For six hours Thursday, three words- stacking, unpacking, and hijacking -were thrown about in cliche fashion by liberals and race-baiting bigots, alike. These words rolled off the lips of NAACP officials, several democrat party chairpersons, and mountain folk, many of whom questionably understood what the terms ‘stacking’ and ‘unpacking’ mean. In all, some 75 citizens from our fair state spoke over these 6 hours on the subject of re-districting North Carolina’s 13 congressional parcels. To witness these musings was at least a bit entertaining, if not educational.
One of the more amusing speakers during the session was the Reverend Doctor William Barber II, President of the North Carolina Chapter of the NAACP. North Carolina’s very own the ‘buffet slayer’ took every second of his allotted five minutes (and then some), to express more rhetorical and inflammatory innuendo than Al Sharpton, Jesse Jackson, and Louis Farrakhan combined might have mustered. In his trademark fashion, Barber contradicted himself repeatedly during what appeared to be prepared remarks, at once decrying the stacking and unpacking of districts with minority voters. In the end, he was merely there to put on a show of protest for whatever the maps might have produced and regardless of what the districts reflected.
Thirty or so speakers praised the work of the Rucho-Lewis commission for their clean-up of the badly gerrymandered districts they inherited from more than 100 years of democrat rule in Raleigh. True to their charter, the commission managed to balance the party, demographics, and population counts to comply with the Voter Rights Act (VRA) and court cases, leaving generally intact the 1st, 4th, and 12th districts which were mandated to remain majority-minority districts. Still, 30 or so speakers complained that two of these three districts were unacceptable– the 1st District because it was “unpacked” of some minorities; and the 12th because it was further “stacked” with minorities from Charlotte to Greensboro along the I-85 corridor. It seems the Dems aren’t pleased with anything except the status quo, complaining the GOP has “hijacked” the state for purely political purposes.
One interesting comment repeated all evening long was the liberal plea to republicans to re-start the process by employing a bi-partisan or non-partisan approach to re-districting, beginning with a blank map and making perfectly compact and contiguous districts. Such an approach would actually violate the Voting Rights Act, would never stand up in the courts, and would represent a complete departure from what the democrats had done in gerrymandering districts for political purposes for many decades. Not surprisingly, that message didn’t seem to resonate with GOP speakers or with decision-makers who populated each of the nine sites in the video-conference.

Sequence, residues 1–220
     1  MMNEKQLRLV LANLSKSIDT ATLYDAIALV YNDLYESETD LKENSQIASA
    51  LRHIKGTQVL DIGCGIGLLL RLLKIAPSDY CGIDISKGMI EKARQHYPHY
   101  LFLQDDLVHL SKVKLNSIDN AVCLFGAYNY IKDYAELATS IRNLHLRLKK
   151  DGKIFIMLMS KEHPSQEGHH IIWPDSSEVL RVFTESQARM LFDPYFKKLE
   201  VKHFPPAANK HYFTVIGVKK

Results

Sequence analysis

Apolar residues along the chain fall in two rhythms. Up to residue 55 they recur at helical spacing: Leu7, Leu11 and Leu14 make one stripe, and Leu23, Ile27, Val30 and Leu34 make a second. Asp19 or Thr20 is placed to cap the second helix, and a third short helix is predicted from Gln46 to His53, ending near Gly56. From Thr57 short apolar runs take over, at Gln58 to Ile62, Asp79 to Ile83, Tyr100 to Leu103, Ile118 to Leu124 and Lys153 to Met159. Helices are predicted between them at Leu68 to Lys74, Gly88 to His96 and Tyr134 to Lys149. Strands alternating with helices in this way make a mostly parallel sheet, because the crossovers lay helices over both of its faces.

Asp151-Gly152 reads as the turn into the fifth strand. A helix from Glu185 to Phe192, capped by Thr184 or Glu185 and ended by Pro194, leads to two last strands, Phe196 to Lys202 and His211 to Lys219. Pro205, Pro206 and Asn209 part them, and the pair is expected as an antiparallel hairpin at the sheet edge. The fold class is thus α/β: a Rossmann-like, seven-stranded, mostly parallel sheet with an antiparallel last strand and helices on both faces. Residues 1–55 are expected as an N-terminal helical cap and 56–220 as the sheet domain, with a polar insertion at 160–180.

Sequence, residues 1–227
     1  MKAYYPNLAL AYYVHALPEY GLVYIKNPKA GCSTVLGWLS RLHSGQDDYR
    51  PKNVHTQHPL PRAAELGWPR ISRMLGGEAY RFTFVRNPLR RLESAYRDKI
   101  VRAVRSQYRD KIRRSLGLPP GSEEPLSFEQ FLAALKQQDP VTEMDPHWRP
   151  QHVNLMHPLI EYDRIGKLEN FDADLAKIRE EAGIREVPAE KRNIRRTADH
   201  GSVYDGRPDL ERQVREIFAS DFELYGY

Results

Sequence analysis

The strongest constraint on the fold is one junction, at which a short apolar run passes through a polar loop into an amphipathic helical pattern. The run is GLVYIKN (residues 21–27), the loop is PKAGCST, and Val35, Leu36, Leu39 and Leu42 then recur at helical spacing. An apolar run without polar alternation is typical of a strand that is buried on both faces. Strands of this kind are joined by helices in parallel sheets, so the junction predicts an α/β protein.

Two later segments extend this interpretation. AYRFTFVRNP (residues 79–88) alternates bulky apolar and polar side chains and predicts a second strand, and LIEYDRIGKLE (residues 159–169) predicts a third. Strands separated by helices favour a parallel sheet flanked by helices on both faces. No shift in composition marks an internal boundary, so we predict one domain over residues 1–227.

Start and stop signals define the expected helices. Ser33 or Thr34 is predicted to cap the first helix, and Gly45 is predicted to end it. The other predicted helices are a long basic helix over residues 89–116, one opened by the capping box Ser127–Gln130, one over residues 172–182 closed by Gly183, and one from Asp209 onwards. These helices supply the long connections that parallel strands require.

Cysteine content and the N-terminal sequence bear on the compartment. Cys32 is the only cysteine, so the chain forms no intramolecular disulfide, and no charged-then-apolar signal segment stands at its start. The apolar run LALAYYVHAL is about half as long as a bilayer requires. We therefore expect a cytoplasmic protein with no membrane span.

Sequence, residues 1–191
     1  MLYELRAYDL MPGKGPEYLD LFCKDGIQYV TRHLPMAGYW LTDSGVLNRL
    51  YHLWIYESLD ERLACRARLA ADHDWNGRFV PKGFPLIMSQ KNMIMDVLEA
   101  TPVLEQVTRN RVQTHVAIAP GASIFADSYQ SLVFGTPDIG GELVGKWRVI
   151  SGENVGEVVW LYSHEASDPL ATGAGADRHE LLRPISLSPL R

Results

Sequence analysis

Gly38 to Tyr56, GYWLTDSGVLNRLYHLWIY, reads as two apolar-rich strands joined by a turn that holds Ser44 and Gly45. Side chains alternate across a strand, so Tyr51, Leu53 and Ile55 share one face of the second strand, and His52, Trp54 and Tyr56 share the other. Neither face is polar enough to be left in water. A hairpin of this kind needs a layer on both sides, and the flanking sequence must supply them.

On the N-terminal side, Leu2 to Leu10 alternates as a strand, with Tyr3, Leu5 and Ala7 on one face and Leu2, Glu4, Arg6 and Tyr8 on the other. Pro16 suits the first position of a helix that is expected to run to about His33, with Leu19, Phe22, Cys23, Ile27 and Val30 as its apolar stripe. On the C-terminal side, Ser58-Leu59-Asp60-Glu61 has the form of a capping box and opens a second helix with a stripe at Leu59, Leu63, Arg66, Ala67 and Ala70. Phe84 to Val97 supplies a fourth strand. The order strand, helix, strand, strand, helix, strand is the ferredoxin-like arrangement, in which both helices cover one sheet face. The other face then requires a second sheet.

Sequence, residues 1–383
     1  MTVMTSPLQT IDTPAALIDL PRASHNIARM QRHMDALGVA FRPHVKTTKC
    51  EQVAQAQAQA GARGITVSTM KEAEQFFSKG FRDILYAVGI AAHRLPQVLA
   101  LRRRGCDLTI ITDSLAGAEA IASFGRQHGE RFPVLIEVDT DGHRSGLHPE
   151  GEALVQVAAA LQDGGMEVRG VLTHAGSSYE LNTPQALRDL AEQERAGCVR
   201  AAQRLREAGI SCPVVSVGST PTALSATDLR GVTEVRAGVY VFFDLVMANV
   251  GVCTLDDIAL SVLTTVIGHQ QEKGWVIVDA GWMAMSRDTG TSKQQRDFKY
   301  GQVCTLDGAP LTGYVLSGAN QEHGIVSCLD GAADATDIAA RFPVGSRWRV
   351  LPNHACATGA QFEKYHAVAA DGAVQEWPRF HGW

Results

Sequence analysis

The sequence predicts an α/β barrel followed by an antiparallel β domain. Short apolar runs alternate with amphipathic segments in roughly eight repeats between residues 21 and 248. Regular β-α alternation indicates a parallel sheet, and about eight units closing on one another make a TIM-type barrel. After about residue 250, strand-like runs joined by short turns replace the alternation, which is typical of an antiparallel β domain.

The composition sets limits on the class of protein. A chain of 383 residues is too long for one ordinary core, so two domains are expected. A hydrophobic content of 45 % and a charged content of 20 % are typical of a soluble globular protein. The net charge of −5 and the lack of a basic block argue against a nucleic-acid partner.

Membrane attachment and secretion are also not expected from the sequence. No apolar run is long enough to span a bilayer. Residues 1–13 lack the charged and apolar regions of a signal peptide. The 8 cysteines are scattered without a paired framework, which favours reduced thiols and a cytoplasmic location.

Perhaps the most prevalent complaint heard throughout the six hour public hearing pertained to the 11th District’s loss of Asheville and the most highly populated part of southeast Buncombe County to the 10th District. There were at least 20 speakers during the evening who complained about the new 11th District, lamenting how Asheville was being attached to the Republican-held 10th District, where its progressive voice will be lost among the fiscal and social conservatism of young Patrick McHenry’s district voters.
Lee County had one speaker (Commissioner Jim Womack) who expressed pleasure with the county’s new alignment under Howard Coble and the 6th Congressional District. He welcomed the inclusion of the military cantonment area of Ft Bragg, Spring Lake, western Harnett County, most of Lee County and a broad swath of the 421 corridor in this district that stretches from the Sandhills to the Piedmont. The district likely will become one of the state’s most conservative districts. Womack requested that Sen. Rucho re-assess the need to slice off 700 or so Lee County voters in northeast Lee County, recommending instead that Rucho re-draw the 4th District – 6th District boundary north of the Deep River and along the Harnett County line, leaving Lee County completely in the 6th District.
When all is finalized, there is little doubt that liberal and progressive reactionaries will test the legitimacy of these new districts in the NC court system: Dr. Barber even promised to “see Rucho-Lewis in court.” In the end, though, it seems probable that little will be altered in the plans and these new districts will be in place for at least 10 years. It also looks likely that 10 or maybe even 11 of the 13 districts will now be competitive for GOP candidates, rather than just 6 or 7 winnable districts in the past.
Here are some projections–
* These district maps will not see much change between their present draft form to what the courts approve in a few months.
* Republican incumbents will fare well in their newly drawn districts during the 2012 campaign.
* Illario Pantano (R) will win the coastal 7th District in 2012, ousting Mike McIntyre in 2012.
* Brad Miller (D) will be vulnerable with his newly drawn 13th district and his seat will be targeted by national and state-level republicans for GOP takeover.
* G.K. Butterfield (D) will be surprisingly vulnerable in the VRA-scrutinized 1st district race in 2012, eventually losing to a moderate republican who has strong roots in an around Wake County.
* In all, 10 of the 13 congressional districts will be won by the GOP in 2012 (with only the 12th being safe for the Dems and where the 1st and 4th districts will be very hotly contested).